India has become the most corrupted country in South Asia as Only 47% of people surveyed in India believe that corruption has increased over the past 12 months and 63% believe that the government is doing a good job in tackling corruption. Perhaps, the ‘feel good’ factor ends here.
India has emerged as having the highest bribery rate of 39% in the Asian region. It also has the highest rate of people (46%) who used personal connections to access public services, according to a recent survey-report released by Transparency International, a global civil society. Nearly 50% of those who paid bribes were asked to, while 32% of those who used personal connections said they would not receive the service otherwise.
Cambodia had the second highest bribery rate of 37%, followed by Indonesia at 30%. The Maldives and Japan maintained the lowest overall bribery rate (2% each), followed by South Korea (10%) and Nepal (12%). However, even in these countries, governments could do more to stop bribes for public services, pointed out Transparency International.
In Japan, only 4% of those who accessed public services had to rely on personal connections. While the percentage figure in India was significant at 46%, it was also relatively high at 36% in Indonesia. In an earlier report, issued by Transparency International, which was released in January at Davos at the World Economic Forum, India had been ranked at 80th position among 180 countries in the Corruption Perception Index.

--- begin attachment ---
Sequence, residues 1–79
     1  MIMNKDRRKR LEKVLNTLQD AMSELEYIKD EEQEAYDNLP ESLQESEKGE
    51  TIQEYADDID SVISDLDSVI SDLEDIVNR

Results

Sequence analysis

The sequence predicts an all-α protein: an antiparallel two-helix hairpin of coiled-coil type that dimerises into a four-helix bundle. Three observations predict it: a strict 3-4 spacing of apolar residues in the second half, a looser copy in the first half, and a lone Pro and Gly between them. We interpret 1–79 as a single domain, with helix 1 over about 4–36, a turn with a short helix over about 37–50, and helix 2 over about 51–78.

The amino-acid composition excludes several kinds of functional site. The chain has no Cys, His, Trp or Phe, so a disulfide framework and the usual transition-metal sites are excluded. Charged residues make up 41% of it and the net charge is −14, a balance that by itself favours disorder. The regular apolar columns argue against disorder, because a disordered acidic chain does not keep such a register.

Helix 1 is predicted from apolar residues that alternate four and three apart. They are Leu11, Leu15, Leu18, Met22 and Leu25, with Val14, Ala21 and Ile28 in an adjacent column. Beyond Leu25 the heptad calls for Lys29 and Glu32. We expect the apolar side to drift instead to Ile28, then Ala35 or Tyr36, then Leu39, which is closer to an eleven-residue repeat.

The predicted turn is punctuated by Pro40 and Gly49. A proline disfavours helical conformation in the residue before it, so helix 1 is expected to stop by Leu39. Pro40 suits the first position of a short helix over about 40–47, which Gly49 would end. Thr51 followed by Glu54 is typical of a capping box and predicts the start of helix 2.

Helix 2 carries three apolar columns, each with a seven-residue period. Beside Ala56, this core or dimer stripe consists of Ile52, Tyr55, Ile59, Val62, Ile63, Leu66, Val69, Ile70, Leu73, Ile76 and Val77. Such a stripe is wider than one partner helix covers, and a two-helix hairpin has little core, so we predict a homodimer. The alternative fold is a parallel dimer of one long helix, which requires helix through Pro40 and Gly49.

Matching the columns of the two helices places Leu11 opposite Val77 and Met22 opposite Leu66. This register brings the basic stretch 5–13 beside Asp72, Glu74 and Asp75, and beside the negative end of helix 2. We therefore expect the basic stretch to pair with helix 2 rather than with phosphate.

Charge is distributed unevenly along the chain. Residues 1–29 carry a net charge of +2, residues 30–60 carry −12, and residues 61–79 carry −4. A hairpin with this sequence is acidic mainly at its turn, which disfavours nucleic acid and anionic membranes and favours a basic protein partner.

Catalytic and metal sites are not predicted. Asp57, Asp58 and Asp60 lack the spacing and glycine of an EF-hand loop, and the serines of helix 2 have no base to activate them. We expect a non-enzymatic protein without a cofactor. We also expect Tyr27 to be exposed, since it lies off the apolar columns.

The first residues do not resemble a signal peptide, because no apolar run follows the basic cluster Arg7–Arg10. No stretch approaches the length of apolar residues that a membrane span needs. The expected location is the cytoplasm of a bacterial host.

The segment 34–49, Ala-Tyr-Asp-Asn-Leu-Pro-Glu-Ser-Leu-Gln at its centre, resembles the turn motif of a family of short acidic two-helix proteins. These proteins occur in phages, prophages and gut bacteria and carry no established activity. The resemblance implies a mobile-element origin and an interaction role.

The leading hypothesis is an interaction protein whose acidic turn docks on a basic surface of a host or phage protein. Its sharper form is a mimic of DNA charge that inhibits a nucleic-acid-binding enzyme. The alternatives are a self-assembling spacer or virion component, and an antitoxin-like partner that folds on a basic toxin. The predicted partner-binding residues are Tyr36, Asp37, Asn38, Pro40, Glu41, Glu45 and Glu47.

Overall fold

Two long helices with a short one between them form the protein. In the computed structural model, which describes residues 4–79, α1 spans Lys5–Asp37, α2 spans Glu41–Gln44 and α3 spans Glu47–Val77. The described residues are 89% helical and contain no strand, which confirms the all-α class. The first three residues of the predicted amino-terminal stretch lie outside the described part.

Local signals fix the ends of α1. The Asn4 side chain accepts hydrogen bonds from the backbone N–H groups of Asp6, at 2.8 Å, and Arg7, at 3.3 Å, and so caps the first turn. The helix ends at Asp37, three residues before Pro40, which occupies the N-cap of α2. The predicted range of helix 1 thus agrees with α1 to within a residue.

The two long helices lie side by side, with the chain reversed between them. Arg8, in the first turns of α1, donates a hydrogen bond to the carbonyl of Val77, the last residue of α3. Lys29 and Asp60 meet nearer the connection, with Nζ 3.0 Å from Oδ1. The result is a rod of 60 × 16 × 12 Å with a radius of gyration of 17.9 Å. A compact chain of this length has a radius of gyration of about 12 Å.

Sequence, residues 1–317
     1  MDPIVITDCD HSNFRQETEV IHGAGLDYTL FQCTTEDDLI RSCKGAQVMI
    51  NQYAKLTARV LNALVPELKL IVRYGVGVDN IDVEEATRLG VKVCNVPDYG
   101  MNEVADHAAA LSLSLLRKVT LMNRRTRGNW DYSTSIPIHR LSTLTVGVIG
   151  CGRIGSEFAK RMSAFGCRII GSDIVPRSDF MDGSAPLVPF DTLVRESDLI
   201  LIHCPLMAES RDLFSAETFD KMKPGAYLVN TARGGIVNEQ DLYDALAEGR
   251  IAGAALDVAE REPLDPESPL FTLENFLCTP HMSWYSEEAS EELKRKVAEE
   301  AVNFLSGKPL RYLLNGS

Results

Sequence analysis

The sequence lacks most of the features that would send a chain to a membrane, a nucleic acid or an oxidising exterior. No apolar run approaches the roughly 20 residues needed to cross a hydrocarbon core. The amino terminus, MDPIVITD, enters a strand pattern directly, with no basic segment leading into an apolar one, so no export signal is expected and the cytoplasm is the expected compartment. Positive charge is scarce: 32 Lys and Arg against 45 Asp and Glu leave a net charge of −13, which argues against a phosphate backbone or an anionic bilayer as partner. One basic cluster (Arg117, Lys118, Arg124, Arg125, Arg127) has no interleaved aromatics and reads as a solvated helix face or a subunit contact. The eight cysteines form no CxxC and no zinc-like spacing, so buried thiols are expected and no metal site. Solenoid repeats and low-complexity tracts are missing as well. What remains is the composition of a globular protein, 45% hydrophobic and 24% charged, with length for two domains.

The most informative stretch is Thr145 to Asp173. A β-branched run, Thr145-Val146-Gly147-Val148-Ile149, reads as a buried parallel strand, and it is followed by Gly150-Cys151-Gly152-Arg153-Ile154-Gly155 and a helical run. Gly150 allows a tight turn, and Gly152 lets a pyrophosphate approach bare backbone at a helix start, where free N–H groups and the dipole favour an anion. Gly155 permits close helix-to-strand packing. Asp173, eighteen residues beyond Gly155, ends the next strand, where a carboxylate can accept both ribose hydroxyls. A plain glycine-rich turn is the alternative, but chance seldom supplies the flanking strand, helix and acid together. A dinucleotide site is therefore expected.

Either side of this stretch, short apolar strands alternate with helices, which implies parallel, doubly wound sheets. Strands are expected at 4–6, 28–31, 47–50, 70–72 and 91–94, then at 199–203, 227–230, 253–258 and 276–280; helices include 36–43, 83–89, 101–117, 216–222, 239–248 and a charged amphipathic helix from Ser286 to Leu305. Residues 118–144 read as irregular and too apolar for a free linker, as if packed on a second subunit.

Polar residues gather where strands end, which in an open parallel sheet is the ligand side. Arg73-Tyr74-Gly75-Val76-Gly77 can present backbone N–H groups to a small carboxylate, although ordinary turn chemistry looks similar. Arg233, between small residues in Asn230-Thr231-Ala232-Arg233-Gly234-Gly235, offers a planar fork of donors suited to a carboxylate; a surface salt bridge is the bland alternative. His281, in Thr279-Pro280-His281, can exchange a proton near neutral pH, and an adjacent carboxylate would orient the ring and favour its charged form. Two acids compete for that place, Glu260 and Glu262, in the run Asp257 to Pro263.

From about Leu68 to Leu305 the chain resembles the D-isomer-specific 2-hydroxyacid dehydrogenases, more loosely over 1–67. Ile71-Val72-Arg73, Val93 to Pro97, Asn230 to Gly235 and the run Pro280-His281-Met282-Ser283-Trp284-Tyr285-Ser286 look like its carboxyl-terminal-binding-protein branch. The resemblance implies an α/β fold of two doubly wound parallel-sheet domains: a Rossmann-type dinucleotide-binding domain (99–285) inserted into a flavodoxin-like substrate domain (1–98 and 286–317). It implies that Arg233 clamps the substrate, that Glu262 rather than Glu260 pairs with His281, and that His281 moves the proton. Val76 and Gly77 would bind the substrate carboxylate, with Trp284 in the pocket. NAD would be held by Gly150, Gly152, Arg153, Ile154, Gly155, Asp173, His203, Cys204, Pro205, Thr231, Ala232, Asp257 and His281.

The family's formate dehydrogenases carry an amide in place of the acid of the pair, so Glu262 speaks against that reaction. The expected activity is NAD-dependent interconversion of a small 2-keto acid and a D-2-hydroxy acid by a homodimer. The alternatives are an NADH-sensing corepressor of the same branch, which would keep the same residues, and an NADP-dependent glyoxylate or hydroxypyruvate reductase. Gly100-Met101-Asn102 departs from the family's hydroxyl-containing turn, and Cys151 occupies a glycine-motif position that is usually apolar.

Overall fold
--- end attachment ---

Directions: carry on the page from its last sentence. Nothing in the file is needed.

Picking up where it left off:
For this newly released survey-report, ‘Global Corruption Barometer — Asia’, Transparency International surveyed 20,000 people across 17 countries — largely between June and September, seeking their perception of and experiences with corruption in the past twelve months. Six key public services are covered in the report, viz: police, courts, public hospitals, procurement of identity documents and utilities.
Of the people surveyed in India, who came into contact with the police, 42% paid bribes. Use of bribes was also rampant (41%) to obtain official documents such as ID papers. Use of personal connections was also largely made in dealings with the police (39%), procurement of ID documents (42%) and in relation to courts (38%). An issue of concern, reflected in the report is that while reporting of corruption is critical, as many as 63% of those in India, were concerned about retaliation.